In a report examining central government’s approach to local authority funding, the National Audit Office has highlighted the increasing difficulty faced by local authorities over the rest of the spending review period in absorbing the reductions in their central government funding without reducing services.
The spending watchdog recommends that the Department for Communities and Local Government work with other government departments to improve the evaluation of the impact of decisions on local authority finances and services.
Local authorities have, so far, managed with reduced funding, but more are facing the challenge of avoiding financial difficulties while meeting their obligations. There is evidence that they are reducing services, for example, in adult social care and libraries.
Central government planned at the 2010 spending review to reduce funding of local authorities by £7.6 billion (26 per cent) in real terms between April 2011 and March 2015. The effects on local authorities vary. In 2012-13, the overall reduction in spending power ranges from 1.1 per cent to 8.8 per cent. In addition, changes to funding mechanisms will increase financial uncertainty and risk.
The NAO estimates that local authorities are planning to make £4.6 billion of savings by April 2013. It further estimates that they still need to find about half of the savings to be made before March 2015. At the same time, demand for high-cost services, such as adult and children’s social care, is increasing. The scope is diminishing for absorbing cost pressures through reducing other, lower cost, services given that spending on these services has already been reduced.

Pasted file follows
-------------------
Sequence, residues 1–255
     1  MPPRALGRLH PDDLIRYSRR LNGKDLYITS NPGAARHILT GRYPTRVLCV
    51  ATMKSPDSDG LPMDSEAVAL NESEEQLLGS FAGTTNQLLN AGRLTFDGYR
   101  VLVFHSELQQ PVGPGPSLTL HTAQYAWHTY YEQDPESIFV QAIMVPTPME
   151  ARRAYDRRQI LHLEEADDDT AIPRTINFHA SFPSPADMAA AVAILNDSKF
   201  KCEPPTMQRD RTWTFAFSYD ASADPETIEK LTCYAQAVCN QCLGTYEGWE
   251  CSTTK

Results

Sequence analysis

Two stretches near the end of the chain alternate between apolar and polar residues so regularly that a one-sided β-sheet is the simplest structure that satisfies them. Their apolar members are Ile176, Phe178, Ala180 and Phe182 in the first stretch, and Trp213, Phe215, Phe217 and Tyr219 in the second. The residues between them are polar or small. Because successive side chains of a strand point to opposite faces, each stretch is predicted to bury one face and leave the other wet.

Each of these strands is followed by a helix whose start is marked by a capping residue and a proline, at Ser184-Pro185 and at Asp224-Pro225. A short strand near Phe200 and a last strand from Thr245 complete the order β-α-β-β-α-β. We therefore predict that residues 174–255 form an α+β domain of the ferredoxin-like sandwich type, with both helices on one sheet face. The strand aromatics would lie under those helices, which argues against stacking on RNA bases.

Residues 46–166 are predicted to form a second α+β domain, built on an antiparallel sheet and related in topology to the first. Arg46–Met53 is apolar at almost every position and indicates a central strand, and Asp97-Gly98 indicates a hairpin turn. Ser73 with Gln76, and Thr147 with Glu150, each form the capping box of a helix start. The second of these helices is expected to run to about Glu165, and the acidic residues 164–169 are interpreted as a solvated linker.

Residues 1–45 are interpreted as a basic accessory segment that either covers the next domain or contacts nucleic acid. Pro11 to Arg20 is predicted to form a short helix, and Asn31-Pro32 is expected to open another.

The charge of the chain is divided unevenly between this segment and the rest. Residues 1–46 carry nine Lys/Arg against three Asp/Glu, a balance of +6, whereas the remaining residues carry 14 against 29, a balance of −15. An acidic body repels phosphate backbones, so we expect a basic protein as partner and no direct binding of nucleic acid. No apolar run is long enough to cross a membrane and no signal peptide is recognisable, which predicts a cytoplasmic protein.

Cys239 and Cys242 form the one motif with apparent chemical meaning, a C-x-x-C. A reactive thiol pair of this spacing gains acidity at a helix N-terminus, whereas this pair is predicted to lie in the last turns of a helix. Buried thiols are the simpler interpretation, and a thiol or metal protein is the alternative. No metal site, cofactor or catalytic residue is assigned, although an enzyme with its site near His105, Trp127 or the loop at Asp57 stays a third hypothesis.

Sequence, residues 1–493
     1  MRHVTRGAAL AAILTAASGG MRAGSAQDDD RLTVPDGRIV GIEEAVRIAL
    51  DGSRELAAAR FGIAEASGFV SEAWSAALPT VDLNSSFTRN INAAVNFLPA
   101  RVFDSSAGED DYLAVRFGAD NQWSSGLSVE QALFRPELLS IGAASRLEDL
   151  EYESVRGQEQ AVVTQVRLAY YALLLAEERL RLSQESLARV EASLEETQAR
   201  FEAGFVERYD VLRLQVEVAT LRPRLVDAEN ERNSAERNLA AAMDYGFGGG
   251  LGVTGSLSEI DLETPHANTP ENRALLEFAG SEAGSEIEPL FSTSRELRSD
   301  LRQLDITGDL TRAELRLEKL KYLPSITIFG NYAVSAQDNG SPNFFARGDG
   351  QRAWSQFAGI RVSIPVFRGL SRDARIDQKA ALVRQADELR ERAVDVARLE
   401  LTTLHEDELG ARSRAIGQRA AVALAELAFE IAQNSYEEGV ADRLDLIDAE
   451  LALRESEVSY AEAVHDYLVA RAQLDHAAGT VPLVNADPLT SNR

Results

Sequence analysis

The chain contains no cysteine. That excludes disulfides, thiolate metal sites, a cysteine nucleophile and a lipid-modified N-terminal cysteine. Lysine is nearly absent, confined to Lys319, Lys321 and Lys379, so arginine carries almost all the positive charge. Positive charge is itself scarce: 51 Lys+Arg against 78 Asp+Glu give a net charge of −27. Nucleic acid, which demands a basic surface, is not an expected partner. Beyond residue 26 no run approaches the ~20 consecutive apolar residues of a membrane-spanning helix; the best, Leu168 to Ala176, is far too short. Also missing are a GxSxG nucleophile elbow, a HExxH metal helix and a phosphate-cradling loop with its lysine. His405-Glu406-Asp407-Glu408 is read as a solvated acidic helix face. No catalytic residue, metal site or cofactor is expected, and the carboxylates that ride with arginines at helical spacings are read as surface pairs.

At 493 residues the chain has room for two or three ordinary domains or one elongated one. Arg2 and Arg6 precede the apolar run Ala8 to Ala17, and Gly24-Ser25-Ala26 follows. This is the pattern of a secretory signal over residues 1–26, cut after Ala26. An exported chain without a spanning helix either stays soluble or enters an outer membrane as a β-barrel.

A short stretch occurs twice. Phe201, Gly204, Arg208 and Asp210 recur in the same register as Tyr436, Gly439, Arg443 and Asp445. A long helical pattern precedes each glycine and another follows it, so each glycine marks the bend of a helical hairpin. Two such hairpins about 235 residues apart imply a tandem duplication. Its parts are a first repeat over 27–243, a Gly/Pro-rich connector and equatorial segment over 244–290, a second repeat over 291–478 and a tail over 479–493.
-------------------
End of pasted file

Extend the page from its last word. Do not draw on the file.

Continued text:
Departments have assessed the impact of changes to local authority funding, but their approach needs to be more comprehensive in the future. With a range of changes to local government funding being implemented over the spending review period, it becomes increasingly important to understand the cumulative effect of the changes.
The accountability framework for addressing widespread financial failure in local government is untested. Where there have been one-off failures requiring central government intervention, the failure regime has managed to resolve them. It is not known how the system would respond in the case of multiple financial failures in more challenging times for local authorities.